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Historical Mechanics

Discussion in 'Civ6 - General Discussions' started by Wingednosering, Jan 2, 2018.

  1. kryat

    kryat Chieftain

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    The loyalty penalty is meant to reflect the difficulty in governing a massive and influential empire. Historically, superpowers like the Romans, the Mongols, the British, and the USSR struggled under their weight of diverse populations, eventually fracturing into much smaller components. This should be on top of the normal loyalty mechanics as a counterweight to the other bonuses. It could be immersively argued that this reflects internal strife, which the normal loyalty mechanics don’t seem to account for. The US may be heading this way now.
     
  2. Kyro

    Kyro Chieftain

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    That is very true for large empires suffering underdevelopment in many places or have a population made up of conquered nations but US seems pretty United (Pun totally intended) the way they are now...save maybe California which also happens to be the world's 5th largest economy.
     
  3. Karpius

    Karpius Chieftain

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    Without historical precedent, what are the facts? As I said, I am not opposed to such a reward in game, but I see no historical precedent for it. Put it in the game, thats fine! Civ6, by its very nature, does not lend itself to historical accuracy. But you cannot claim something that has never happened to be a history mechanic.

    Profit is simply ending up with more than you began with. Certainly, many wars have been fought by those simply trying to keep what they believed was theirs. But that also means someone else was trying to take it away. We can come up with all sorts of reasons for war. We can justify this war and condemn that war based on our varying world views. But we cannot change the historical record. Warfare is a constant, profound and prevalent activity in the human experience.

    Is it the only possible way? Of course not! But every timeline of history I examine shows me war after war. Of course there were many other human activities as well. Many had profound effects on humanity. But no other human activity has changed the political landscape from year to year, region to region, more than war.
     
    Last edited: Jan 3, 2018
  4. Wingednosering

    Wingednosering Chieftain

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    This has gotten pretty off-topic. I would be interested in pacifism giving tourism and culture bonuses, while times of war gain production and science bonuses. That would be interesting.

    Anybody have any more historical mechanics?
     
  5. Kyro

    Kyro Chieftain

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    Well now, you are trying to posit that warfare is the most defining part of human history and trying to claim you're not biased in saying so. That doesn't really add up does it? Don't try to say you're not trying to downplay other aspects that do make up history then. What you're actually saying is that the other parts of history are less prominent to begin with and therefore you did nothing to downplay them.That has the exact same effect of what you are denying.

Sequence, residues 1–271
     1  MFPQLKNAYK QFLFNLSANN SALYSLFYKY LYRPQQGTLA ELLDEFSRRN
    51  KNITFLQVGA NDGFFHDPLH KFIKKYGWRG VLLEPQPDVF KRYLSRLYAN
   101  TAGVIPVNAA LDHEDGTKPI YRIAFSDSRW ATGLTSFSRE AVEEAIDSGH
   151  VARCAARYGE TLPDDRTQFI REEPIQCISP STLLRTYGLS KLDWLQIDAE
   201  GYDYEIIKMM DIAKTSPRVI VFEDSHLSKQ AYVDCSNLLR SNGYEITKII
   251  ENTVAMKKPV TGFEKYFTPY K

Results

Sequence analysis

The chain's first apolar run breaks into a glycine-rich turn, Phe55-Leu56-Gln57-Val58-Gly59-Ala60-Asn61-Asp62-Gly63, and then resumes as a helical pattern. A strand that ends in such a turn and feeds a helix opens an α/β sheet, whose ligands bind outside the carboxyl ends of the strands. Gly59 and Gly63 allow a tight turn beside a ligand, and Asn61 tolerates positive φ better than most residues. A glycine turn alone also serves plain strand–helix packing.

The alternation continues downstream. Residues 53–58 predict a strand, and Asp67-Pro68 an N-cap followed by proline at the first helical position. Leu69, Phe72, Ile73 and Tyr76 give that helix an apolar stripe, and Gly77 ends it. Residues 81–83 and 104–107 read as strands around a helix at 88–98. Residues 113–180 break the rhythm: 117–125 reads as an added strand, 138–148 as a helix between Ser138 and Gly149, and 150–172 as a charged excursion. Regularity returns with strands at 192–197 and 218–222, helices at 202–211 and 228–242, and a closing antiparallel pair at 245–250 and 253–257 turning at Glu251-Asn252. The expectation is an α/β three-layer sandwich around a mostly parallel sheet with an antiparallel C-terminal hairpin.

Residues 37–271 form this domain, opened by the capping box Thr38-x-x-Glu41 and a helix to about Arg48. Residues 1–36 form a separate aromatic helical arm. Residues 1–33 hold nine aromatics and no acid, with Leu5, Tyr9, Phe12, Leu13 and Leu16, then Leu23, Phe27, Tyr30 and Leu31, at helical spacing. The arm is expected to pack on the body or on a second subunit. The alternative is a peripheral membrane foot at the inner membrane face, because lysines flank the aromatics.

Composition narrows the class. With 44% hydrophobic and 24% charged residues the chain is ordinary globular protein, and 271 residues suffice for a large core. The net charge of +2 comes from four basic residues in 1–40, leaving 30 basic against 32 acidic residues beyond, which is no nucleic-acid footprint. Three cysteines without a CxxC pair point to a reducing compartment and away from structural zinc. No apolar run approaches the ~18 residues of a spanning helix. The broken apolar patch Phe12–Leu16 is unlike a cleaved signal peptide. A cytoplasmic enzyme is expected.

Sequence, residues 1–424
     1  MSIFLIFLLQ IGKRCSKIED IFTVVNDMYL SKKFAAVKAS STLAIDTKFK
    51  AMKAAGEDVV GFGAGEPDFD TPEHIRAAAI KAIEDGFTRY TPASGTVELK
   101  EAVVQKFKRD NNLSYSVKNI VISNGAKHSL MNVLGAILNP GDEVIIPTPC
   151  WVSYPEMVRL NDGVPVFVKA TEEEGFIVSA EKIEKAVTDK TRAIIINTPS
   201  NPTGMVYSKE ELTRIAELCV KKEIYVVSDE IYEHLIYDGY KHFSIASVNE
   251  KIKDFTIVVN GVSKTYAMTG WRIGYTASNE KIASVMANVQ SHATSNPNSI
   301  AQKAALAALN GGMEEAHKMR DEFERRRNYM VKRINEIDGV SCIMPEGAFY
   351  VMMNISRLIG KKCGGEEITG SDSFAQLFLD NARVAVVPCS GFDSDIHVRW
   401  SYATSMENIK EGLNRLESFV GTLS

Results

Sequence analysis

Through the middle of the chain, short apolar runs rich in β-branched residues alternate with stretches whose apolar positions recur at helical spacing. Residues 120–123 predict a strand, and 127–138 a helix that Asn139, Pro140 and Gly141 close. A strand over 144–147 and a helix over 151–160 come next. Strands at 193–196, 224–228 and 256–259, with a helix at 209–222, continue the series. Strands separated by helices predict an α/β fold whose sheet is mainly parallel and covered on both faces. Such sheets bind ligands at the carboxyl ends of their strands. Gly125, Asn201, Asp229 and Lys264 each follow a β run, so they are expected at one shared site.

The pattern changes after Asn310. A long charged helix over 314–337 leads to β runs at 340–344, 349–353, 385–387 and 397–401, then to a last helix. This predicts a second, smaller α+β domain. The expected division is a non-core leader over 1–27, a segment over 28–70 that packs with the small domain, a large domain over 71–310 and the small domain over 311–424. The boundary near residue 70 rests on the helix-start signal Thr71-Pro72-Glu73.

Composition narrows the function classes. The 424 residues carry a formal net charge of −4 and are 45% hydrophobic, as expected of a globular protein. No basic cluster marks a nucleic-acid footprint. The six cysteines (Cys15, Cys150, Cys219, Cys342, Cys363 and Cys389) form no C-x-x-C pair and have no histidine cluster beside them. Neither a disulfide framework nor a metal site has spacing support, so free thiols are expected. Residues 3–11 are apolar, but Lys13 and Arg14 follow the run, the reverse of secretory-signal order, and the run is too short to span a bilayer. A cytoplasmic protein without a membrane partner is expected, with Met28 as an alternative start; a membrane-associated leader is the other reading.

I can prove the bias just by rephrasing you:
    Every timeline of history I examine shows me farming after farming and building after building. Of course there were many other human activities as well. Many had profound effects on humanity. But no other human activity has changed the political landscape from year to year, region to region, than farming and building.

    No I am not trying to downplay other parts of history. It's just that farming and building are more important.

    Let's be clear about what is lacking historical precedence shall we? You've already begun to change what I was saying. "A Country without a History of War" That's without precedence.

    The facts are: Cooperation and peace are far more progressive for Civilizations than war. Look at Germany, Japan, Israel, China. Look at the World Wars.
    That's a historically verifiable fact and has historical precedence. You're telling me those never happened?
     
  6. DWilson

    DWilson Where am I? What turn is it?

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    What about Rome? It thrived primarily when at war and expanding.
     
  7. Kyro

    Kyro Chieftain

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    I wonder what would have happened if the Ottomans and the Byzantiums chose to work together. Carthage and Rome too. If only they pooled their resources together for a greater purpose rather than kill each other. No, kings wanted their glory so sharing was a no no. Too bad none of them exist today.
     
  8. evanaurora

    evanaurora Chieftain

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    It is, I believe, accepted social science that cooperation is the only way to yield maximal results. Collective action problems-- including war-- stand in the way of this hypothetical best solution.